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‘Why counterfeit ICT wares throng developing markets’


Adrain Cafferkey

To counter the activities of counterfeiters, especially in emerging markets, patronage of indigenous products and introduction of low prices would do a lot in stemming the tide.

According to experts, these two strategies will not only help in blocking gray market activities but also help the economy to grow.

Speaking with The Guardian, Regional Manager, Fujitsu Africa, Adrain Cafferkey, said the two strategies will go a long way to help developing economy weather the storm.

Already, the World Bank has hinted that global economies lose between $600 billion and $700 billion yearly to counterfeiters and theft of intellectual property.


The Guardian gathered that the markets for counterfeit and pirated products are of two genres – primary and secondary.

At the primary market, according market sources, consumers purchase counterfeit and pirated products believing they have purchased genuine articles, while at the secondary market, the buyers duly know what they are purchasing is fake but for the price.

Expatiating further on the menace, Cafferkey explained: “It may be one dollar cheaper bringing the products from across the globe to the local market, but most don’t have warranty and may be difficult to fix damages when they occur. Rather than building Donald Trump’s America, it is better to support the local, buy local, invest in local businesses and economy. Good business should not be allowed to slip out of the country. Every gray market activity must be curbed and tackled adequately.”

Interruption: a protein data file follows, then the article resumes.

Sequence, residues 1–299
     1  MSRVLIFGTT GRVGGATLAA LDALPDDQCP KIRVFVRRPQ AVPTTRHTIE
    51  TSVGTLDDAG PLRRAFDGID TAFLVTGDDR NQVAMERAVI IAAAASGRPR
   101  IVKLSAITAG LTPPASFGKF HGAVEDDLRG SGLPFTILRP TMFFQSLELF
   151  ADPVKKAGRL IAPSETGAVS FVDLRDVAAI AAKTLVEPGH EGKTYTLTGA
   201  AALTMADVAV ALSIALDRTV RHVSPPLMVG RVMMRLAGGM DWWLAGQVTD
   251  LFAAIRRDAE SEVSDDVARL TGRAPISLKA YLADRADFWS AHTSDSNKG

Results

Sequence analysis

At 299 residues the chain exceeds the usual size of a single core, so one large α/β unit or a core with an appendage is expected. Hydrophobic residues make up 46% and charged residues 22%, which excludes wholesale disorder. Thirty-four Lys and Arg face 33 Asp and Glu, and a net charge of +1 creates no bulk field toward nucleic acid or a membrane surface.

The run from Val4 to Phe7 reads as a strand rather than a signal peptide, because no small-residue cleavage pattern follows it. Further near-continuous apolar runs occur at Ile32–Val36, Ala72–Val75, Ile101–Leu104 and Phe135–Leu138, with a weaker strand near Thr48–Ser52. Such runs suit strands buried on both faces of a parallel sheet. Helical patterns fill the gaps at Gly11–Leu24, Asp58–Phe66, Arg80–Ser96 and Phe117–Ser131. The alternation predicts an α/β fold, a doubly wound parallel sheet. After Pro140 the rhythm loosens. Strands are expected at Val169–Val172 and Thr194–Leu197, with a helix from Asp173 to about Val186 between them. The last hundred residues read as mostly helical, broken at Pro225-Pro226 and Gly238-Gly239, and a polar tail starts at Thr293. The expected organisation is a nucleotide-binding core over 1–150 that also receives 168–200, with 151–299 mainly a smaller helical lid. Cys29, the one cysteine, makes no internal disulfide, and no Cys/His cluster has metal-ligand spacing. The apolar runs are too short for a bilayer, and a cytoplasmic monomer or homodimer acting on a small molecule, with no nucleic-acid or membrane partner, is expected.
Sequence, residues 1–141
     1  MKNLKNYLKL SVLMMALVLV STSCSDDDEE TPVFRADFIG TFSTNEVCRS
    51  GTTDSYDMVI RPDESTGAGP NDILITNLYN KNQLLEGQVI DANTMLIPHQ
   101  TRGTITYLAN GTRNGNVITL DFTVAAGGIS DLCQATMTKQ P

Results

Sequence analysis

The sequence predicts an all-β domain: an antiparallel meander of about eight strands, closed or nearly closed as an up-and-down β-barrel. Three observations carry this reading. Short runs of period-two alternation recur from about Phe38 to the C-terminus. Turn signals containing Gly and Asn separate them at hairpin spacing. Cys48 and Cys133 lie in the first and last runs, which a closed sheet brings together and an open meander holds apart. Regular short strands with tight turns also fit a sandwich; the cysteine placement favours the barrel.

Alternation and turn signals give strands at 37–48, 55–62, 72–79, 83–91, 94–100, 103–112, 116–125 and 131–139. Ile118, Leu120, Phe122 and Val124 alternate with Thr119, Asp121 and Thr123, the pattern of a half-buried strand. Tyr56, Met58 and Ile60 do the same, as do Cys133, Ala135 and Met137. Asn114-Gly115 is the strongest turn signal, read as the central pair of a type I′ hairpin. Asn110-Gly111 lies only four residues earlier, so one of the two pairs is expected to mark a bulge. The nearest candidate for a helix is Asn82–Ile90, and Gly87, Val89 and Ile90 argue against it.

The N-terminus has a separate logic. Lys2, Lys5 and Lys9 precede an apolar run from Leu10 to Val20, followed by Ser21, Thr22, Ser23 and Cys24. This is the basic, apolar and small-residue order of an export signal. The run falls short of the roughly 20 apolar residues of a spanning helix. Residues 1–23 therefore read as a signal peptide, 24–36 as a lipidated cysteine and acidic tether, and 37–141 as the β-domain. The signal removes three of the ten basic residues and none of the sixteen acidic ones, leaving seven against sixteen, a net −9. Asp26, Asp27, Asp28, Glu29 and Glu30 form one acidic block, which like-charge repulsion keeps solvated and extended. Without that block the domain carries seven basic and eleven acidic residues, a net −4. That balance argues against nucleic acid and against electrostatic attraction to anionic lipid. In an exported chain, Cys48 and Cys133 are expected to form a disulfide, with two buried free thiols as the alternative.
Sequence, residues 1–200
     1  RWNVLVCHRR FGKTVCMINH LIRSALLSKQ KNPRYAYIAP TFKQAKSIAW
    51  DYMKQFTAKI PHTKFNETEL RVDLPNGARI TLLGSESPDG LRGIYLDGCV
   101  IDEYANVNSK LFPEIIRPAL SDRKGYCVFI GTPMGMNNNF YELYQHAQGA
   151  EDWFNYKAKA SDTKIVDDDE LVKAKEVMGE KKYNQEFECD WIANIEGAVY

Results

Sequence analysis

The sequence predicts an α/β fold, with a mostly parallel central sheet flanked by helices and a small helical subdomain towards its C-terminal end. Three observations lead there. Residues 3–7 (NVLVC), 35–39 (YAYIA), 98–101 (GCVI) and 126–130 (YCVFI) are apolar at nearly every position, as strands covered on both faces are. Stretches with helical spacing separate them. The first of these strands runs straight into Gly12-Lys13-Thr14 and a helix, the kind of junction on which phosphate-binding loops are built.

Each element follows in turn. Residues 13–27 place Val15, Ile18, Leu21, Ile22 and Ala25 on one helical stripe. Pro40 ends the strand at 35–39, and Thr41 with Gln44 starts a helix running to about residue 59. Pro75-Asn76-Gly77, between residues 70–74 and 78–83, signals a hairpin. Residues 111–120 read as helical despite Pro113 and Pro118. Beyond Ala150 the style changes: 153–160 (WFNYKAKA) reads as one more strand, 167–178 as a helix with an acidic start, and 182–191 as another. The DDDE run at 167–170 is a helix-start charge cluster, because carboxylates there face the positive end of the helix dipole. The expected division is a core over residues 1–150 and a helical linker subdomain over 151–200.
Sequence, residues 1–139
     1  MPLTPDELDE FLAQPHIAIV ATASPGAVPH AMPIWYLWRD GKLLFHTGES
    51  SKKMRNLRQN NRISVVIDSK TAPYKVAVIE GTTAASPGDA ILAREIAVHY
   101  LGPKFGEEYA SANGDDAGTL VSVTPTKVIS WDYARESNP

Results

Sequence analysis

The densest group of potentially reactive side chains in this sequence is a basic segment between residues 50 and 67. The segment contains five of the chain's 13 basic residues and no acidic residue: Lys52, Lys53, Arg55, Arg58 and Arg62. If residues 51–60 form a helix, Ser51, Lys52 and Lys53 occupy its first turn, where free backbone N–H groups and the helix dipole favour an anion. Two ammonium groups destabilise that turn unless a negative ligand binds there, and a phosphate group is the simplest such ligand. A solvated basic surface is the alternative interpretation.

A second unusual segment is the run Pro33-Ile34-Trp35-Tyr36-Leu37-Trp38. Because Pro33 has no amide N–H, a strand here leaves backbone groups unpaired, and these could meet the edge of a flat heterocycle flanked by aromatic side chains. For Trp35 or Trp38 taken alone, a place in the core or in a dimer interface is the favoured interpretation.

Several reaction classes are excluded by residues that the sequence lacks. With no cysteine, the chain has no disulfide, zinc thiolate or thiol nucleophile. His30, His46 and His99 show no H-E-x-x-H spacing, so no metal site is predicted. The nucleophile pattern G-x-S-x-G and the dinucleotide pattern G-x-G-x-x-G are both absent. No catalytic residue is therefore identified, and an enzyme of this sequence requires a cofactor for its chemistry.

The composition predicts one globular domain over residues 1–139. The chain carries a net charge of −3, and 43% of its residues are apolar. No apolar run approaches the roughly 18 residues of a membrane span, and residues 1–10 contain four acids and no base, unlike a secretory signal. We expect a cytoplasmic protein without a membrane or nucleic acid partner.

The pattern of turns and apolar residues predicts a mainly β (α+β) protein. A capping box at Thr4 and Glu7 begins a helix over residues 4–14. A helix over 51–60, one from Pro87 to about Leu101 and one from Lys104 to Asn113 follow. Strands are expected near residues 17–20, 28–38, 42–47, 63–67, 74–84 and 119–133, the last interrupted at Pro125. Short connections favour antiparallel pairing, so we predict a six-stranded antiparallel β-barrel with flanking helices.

Cafferkey, who said Fujitsu is a Japanese brand with quality products and services, noted that it has also become very important for economies to digitize their products and services.

On his part, the Chief Executive Officer, IQ Distributions, Ameachi Ani, a Fujitsu partner in Nigeria, the menace of counterfeiting is huge, but measures must be taken to tackle it adequately.

Ani said activities of gray marketers slow the economy and affect market expansion.

“One thing we have understood with products distribution in Nigeria is that there are challenges, but surmountable.One thing to do to keep counterfeiters, gray marketers at a distance is to introduce a low price. The problem we see with the competiting brands is that once they get into the market, they are selling, making profit, doing business, then they push up the price, when you keep the price high, the bad guys will come in between, and make some profits, but when you keep the price affordable, constantly, it will be difficult for them to come in and survive in such market.

“It is also important for products to be a specialist product, which becomes difficult to copy, imitate. Such brands don’t get damaged.”

Cafferkey explained that Fujitsu, has embarked on an intense strategy to create awareness and promote the digitalisation of paper documents by converting hard copy into softcopy data sets with new scanning solutions.

He said the company hosts several technical workshops to train local expertise in country, which is extremely important.

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